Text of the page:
where death is represented as using sin as a sting wherewith to stab men. And so death passed upon all men, all men became subject to it. It is true, as is commonly said, that Paul has not before his mind the distinction we commonly share between physical death and spiritual death. He is thinking of death in all its forms and manifestations. But the emphasis here at least is upon death as the cutting off of human life from God. This is revealed when we come to verses 17 and 21, and find that the condition the condition introduced by Christ which counteracts this death, and operates on the same principle, is a condition of life, meaning not physical life, but life that is “eternal  It is further borne out by the passage in Rom 7:7—11, where the parallelism of thought, though not exact, is sufficiently clear.


Romans 7:7—11

07 What shall we say then? Is the law sin? God forbid. Nay, I had not known sin, but by the law: for I had not known lust, except the law had said, ‘Thou shalt not covet’.

08 But sin, taking occasion by the commandment, wrought in me all manner of concupiscence. For without the law sin was dead.

09 For I was alive without the law once: but when the commandment came, sin revived, and I died.

10 And the commandment, which was ordained to life, I found to be unto death.

11 For sin, taking occasion by the commandment, deceived me, and by it slew me.


concupiscence = lust. v 7


“Sin sprang to life, and I died,” obviously not in the sense of natural death. Compare also, “Ye who were dead in your trespasses and sins”


Ephesians 2:1 And you hath he quickened, who were dead in trespasses and sins;


Death in every sense had imposed itself upon all men, for that all sinned (v 12). This is the right translation, the rendering in the Latin Vulgate (“In whom, Scil. In Adam all sinned”) being one which has had unfortunate results in Christian theology. But the phrase is not adducing (cite as pertinent or conclusive) the reason why death passed upon all men; that has already been give earlier in the verse. “Inasmuch as all sinned” calls attention to the fact as proof of the statement that moral death had seized mankind. Sin was thus in the world, lodged in human nature prior to the giving of the Law; but it was not reckoned ; men were held responsible for conforming to such moral principles as  were within their knowledge but they were not condemned as violators of a written code.


Romans 2:12 For as many as have sinned without law shall also perish without law: and as many as have sinned in the law shall be judged by the law;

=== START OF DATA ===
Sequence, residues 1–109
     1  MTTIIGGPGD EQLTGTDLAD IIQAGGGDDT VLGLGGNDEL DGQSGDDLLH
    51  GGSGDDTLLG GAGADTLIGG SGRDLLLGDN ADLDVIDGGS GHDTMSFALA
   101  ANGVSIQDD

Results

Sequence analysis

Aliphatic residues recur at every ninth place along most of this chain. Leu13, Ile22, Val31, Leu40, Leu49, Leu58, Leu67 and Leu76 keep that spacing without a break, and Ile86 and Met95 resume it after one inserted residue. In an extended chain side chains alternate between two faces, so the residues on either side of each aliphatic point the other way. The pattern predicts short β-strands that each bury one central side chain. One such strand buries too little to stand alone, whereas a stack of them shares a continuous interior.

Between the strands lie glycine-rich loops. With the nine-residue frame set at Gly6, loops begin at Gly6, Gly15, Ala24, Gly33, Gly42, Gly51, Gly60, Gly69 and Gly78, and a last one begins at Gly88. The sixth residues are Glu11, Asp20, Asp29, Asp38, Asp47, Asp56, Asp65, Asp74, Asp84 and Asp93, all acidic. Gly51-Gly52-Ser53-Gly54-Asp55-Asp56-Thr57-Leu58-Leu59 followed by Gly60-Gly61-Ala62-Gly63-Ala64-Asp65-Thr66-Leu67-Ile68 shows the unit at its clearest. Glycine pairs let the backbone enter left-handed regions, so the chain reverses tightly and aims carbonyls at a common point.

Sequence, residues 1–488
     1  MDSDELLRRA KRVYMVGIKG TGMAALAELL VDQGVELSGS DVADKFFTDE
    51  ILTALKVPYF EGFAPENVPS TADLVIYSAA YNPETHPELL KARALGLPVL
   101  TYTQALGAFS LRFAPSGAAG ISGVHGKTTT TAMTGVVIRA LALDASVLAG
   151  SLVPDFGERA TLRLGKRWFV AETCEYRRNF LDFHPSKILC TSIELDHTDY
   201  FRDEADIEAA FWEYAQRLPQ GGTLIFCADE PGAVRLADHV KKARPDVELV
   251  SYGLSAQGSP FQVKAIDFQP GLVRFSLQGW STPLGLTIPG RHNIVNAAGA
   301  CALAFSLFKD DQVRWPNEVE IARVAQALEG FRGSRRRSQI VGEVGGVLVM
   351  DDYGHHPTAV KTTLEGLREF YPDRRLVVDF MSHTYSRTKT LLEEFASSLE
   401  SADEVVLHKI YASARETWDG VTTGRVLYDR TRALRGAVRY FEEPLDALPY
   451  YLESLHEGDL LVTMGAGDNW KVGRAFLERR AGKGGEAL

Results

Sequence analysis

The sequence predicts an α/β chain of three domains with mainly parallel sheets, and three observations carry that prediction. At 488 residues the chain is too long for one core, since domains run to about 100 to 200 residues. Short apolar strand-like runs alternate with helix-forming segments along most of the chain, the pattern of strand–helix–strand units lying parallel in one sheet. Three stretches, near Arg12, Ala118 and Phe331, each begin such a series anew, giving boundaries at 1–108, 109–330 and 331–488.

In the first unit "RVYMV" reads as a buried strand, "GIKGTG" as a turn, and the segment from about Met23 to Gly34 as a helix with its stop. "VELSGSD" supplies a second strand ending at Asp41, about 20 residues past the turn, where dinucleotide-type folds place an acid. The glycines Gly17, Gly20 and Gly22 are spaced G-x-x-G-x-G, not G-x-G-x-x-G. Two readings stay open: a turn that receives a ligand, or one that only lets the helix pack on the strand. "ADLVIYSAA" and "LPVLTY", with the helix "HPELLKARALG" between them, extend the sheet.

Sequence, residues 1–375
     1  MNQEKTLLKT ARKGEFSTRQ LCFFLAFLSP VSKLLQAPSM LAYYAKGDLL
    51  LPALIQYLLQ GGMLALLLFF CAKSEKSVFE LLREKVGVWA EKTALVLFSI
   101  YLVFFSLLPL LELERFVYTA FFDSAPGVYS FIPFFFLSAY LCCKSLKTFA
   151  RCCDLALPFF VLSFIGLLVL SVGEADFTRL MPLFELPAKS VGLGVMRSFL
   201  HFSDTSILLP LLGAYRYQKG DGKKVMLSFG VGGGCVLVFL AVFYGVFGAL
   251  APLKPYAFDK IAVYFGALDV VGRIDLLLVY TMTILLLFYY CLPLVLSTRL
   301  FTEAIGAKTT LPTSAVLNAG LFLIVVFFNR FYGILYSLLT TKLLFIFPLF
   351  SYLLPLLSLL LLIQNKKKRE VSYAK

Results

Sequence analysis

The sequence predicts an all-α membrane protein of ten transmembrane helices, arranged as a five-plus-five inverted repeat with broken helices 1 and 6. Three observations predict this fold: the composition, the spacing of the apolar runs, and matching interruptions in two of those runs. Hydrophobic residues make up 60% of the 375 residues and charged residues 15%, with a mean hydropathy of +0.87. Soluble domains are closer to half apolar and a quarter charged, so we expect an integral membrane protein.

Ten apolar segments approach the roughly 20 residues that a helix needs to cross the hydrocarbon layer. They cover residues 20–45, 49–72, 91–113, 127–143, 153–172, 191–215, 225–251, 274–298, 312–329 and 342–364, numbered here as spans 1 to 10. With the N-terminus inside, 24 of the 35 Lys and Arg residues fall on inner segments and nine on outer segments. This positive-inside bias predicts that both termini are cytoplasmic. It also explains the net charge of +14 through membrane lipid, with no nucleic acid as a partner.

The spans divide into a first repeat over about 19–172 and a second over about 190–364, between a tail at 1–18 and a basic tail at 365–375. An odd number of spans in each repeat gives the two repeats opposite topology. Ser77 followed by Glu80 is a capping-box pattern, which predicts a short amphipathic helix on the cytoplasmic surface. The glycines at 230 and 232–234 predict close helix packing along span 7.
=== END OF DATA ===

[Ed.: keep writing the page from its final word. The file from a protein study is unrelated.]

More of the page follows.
Nevertheless, they were under the rule of death, even though they had not, like Adam, broken an express command. Their universal experience of being under the dominion of death was due to their connections with Adam; and in that he was a type of Christ who was to come. For the bond with Him which it was for faith to establish would secure for them, apart from any personal deserts, the reversal of the condition of death and the righteousness which leads to life.

But the case of Adam and the consequences entailed upon his descendants by his act of disobedience, though a good illustration, is after all, an inadequate one.


Romans 5:15--21 

15 But not as the offence, so also is the free gift. For if through the offence of one [Adam’s disobedience] many be dead, much more the grace of God, and the gift by grace, which is by one man, Jesus Christ, hath abounded unto many.

16 And not as it was by one that sinned, so is the gift: for the judgment was by one to condemnation, but the free gift is of many offences unto justification.

17 For if by one man's offence death reigned by one; much more they which receive abundance of grace and of the gift of righteousness shall reign in life by one, Jesus Christ.)

18 Therefore as by the offence of one judgment came upon all men to condemnation; even so by the righteousness of one the free gift came upon all men unto justification of life.

19 For as by one man's disobedience many were made sinners, so by the obedience of one shall many be made righteous.

20 Moreover the law entered, that the offence might abound. But where sin abounded, grace did much more abound:

21 That as sin hath reigned unto death, even so might grace reign through righteousness unto eternal life by Jesus Christ our Lord.


The gift which comes to men through Christ’s supreme act of obedience is of transcendent scope. It is claimed, in the ABC, by Professor C Anderson Scott that (Moffatt’s translation should be consulted here). http://www.jesus-is-savior.com/Bible/moffatt.htm 


Those who the free and abounding gift of righteousness should themselves reign in life. Having summed up the argument of the paragraph in v 18 above, Paul repeats it in a slightly different form, one which further illuminates his point of view. The transgression of Adam is now clearly defined as his disobedience, and the righteous act of Christ as his obedience; and the results in both cases are that the rest of men receive a certain status,

1.      In the one case the status of sinners.

2.      In the other the status of righteous.

The imagery is belonging to Genesis http://godsplan.org.uk/spiritualycontrolled.htm,  if we may not say that the ideas of personal moral guilt and of personal moral righteousness are absent, they are at least far in the background. Paul is thinking of the relation of men to God in terms of a status into which they had been introduced, in the one case by the transgression of Adam, in the other by Christ’s great act of obedience, but in both cases the status is something to be voluntarily accepted. Once more  (v 20) he touches on the function of the Law;


Romans 5:20 Moreover the law entered, that the offence might abound. But where sin abounded, grace did much more abound: